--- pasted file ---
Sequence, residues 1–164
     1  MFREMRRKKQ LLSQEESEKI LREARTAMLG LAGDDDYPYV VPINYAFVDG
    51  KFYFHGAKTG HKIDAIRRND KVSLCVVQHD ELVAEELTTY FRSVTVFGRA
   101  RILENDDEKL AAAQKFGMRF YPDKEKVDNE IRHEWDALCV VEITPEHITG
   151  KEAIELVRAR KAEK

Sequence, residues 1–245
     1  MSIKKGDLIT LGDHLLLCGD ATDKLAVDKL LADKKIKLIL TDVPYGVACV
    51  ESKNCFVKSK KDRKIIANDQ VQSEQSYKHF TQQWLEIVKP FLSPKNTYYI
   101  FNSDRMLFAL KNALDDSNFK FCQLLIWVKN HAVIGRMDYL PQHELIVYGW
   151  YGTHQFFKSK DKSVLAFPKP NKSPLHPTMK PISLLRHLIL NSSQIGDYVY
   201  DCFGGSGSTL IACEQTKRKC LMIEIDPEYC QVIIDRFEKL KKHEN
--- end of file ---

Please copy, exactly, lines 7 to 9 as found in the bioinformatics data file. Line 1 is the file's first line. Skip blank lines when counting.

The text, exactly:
     1  MSIKKGDLIT LGDHLLLCGD ATDKLAVDKL LADKKIKLIL TDVPYGVACV
    51  ESKNCFVKSK KDRKIIANDQ VQSEQSYKHF TQQWLEIVKP FLSPKNTYYI
   101  FNSDRMLFAL KNALDDSNFK FCQLLIWVKN HAVIGRMDYL PQHELIVYGW